Vital signs and Patient Care
Vital signs are an important component of patient care. They determine which treatment protocols to follow, provide critical information needed to make life-saving decisions, and confirm feedback on treatments performed.Blood pressure
NOTE: the systolic blood pressure is the number on the left, the diastolic blood pressure is the number on the right.
- Blood pressure is affected by the amount of blood lost as well as IVs and medication.
- Non existent: 0 - 20 systolic.
- Low: 20 - 100 systolic.
- Normal: 100 - 160 systolic.
- High: 160 and above systolic.
The heart rate (pulse) is affected by the amount of blood lost and medications.
- Low: 45 and below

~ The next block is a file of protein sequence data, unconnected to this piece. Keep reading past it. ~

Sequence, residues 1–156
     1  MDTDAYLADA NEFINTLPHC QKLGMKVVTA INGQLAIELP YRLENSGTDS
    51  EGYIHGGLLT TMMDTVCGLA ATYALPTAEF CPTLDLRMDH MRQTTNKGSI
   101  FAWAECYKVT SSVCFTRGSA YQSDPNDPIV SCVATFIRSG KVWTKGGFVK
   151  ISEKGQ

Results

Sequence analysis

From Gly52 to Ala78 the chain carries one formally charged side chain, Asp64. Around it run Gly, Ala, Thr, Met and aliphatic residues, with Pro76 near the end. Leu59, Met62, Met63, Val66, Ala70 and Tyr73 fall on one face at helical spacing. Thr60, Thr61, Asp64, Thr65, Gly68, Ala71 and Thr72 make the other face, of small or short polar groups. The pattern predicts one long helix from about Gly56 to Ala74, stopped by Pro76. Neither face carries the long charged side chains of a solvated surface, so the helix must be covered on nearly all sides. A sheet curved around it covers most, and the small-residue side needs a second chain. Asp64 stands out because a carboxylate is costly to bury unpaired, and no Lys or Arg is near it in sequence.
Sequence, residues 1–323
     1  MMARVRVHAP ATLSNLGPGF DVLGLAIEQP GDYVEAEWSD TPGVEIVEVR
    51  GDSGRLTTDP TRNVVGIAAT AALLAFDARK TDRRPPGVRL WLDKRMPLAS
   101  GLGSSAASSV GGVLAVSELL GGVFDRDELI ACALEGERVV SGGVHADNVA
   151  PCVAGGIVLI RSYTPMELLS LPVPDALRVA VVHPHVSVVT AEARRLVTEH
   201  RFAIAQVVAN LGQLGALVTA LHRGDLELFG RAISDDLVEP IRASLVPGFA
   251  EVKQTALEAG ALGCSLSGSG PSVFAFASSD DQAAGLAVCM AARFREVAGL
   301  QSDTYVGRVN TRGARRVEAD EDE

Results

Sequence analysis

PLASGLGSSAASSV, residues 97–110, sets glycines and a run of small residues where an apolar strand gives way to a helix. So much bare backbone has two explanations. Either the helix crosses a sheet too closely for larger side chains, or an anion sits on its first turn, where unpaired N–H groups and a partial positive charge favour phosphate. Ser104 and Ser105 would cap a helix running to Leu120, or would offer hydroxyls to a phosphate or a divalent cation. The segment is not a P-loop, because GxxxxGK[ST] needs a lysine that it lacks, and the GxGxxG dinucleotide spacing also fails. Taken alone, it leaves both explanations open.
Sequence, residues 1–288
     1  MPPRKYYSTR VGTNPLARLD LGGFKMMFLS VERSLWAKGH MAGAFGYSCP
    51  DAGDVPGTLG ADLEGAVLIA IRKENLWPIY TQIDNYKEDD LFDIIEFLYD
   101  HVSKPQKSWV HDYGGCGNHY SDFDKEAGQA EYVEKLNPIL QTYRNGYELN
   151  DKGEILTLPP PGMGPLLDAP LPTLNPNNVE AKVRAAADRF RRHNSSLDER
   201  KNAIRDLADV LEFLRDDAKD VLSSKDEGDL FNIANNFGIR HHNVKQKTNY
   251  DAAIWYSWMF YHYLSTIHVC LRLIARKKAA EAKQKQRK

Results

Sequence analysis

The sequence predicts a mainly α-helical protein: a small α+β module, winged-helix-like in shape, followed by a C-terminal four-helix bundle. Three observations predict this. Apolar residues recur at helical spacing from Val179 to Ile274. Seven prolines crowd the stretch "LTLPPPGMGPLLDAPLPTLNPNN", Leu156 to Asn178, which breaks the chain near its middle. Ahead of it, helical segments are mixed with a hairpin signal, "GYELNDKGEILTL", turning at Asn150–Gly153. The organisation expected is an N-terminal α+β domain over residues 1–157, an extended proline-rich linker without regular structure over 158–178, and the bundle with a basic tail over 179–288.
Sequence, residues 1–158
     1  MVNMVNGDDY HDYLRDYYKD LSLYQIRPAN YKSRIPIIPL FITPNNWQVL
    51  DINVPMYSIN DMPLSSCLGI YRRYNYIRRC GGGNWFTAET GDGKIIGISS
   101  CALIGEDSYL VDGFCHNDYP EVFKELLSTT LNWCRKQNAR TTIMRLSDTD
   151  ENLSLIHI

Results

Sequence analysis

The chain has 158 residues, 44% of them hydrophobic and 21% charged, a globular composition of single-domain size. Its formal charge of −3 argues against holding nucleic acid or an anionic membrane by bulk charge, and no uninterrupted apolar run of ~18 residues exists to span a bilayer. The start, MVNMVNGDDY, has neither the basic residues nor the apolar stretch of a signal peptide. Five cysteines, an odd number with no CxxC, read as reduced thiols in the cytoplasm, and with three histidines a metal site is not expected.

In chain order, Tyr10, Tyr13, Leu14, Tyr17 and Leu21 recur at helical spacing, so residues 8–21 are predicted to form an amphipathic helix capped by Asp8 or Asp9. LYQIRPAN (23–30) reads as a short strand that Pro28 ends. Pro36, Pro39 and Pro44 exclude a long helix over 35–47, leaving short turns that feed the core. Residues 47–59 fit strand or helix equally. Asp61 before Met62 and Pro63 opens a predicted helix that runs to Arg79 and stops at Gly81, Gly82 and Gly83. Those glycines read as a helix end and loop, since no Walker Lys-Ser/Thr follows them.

- Normal: between 46 and 119
- High: 120 and above
A patient will enter cardiac arrest when:
- The heart rate is below 20.
- The heart rate is above 200.
- The systolic blood pressure is above 260.
- The diastolic blood pressure is below 40 and the heart rate is above 190.
- The systolic blood pressure is above 145 and the heart rate is above 150.
For the following procedure to work revive needs to be enabled.
- A unit in the revive state will be unconscious and will stay unconscious until it is either woken up or the revive timer runs out.
- A unit in the revive state can’t die from any source of damage, only the timer reaching 0 can kill it.
- Each successful CPR will increase the time the unit can stay in the revive state.
- To wake up a patient the use of a PAK is required.
- Each successful revive removes a life from the unit, once the lives run out the next time the unit will take fatal damage it will not enter the revive state and will die.
- Each successful round of CPR (filled up completion bar) increases the time left in the revive state.